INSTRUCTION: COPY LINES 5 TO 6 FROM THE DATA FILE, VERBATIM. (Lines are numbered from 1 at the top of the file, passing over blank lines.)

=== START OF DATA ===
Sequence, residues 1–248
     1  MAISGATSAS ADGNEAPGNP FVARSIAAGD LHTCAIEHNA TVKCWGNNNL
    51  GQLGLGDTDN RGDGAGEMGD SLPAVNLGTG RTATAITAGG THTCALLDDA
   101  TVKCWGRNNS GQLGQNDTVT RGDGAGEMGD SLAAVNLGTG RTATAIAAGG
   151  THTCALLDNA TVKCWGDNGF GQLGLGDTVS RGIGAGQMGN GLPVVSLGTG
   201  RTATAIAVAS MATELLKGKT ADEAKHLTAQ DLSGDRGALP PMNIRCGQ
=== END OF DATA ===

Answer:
   151  THTCALLDNA TVKCWGDNGF GQLGLGDTVS RGIGAGQMGN GLPVVSLGTG
   201  RTATAIAVAS MATELLKGKT ADEAKHLTAQ DLSGDRGALP PMNIRCGQ